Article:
If you have short-term financial needs, term insurance may be your best bet. If your needs are permanent (such as estate planning or covering the cost of final expenses) you may need a permanent policy.

Most life insurance experts recommend that you purchase a policy worth 10-20 times your annual salary. Sound like a lot? When you think about it, you’re going to be dead for a long time. You want to make sure your family has everything they need and that they can carry on with the plans you always had:  college, big weddings, etc.

Check out How Much Life Insurance Is Enough for a more detailed exploration of the topic.

“What Do I Need to Do?”

After you figure out how much and what kind, you have to find a carrier that offers a policy that fits and fill out an application.

If you request a quote from us, we’ll do the shopping for you. We’ll help you compare policies and tell you which company will give you the best policy at the lowest price.

Once you fill out and submit your application, which can often be done electronically, you’ll usually need to schedule a medical exam. These are typically finished in 30 minutes or less, and they can be done in your home or office.

The insurance company will take the information from your application and exam and decide whether or not they’ll insure you and what rate class you qualify for. This is known as the underwriting process. On average, the process takes 3-8 weeks. If you are approved, you get to choose whether to accept the policy.

Now, just pay your premium every month and your family is protected!

If you are denied, you may be able to apply for insurance with another company, or you may think about getting no medical exam insurance.

Filing a Life Insurance Claim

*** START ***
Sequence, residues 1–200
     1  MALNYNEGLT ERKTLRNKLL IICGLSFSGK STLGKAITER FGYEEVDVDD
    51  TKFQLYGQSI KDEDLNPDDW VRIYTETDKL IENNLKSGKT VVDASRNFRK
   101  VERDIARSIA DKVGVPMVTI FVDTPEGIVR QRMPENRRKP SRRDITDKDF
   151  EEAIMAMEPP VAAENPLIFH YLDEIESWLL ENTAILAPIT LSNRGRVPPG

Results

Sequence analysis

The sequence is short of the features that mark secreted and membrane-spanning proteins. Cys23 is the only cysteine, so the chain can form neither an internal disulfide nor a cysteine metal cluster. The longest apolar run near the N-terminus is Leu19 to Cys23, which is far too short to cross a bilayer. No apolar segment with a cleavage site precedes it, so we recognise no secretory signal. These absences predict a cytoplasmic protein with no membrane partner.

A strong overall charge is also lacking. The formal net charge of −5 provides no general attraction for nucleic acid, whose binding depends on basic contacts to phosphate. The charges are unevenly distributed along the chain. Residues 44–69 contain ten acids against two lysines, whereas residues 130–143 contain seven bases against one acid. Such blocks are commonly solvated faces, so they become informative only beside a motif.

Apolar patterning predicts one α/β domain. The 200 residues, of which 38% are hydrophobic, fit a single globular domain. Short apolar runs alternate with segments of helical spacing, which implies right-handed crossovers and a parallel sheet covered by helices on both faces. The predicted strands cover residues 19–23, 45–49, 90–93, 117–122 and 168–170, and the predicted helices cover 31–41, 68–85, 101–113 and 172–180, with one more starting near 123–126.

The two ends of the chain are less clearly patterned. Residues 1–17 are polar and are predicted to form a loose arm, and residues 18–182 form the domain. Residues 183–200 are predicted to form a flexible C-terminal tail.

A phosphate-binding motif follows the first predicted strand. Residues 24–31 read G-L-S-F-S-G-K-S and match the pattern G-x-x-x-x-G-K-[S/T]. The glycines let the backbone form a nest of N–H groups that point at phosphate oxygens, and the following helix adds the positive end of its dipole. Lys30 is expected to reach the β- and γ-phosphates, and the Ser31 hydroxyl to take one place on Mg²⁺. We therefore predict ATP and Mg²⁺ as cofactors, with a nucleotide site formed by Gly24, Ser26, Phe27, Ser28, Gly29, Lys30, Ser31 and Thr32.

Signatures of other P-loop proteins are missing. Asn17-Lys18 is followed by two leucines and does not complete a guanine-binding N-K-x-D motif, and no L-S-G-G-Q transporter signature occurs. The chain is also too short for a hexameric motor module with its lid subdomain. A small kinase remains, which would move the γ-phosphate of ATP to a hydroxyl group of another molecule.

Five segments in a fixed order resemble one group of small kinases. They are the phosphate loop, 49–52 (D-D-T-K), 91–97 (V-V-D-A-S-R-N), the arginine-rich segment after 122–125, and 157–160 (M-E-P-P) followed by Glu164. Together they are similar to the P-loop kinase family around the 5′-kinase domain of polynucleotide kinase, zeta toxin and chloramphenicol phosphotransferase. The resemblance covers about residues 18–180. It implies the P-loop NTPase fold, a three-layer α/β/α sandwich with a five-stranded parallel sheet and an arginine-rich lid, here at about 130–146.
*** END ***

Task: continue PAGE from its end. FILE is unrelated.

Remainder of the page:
Unfortunately, we’re all going to die someday.  Life insurance is almost like a part of you that lives on, taking care for your family. Leaving a legacy.

Whoever is given the job of filing the death claim should know some basic steps to make sure they’re doing everything required to receive settlement funds.

  • First, get your paperwork in order.  Be sure to obtain a copy of the death certificate of the person insured.
  • Call your life insurance representative. They can be helpful in determining what other paperwork you may need and provide you with a checklist of things you should consider that can ease the burden during this difficult time. In addition, they can help educate you on what you’re entitled to.
  • When you file the life insurance claim, keep in mind that each beneficiary must fill out the proper forms. Your life insurance agent should be able to get the forms for you, and help you with the process.
  • It typically shouldn’t take more than a week or two to process your claim. The life insurance company will review your claim and make the payout.

Now call us at 800-442-9899 and speak to a real person! (yes, we’re old school.) You have enough things to think about, so we’ve taken the stress out of shopping for life insurance.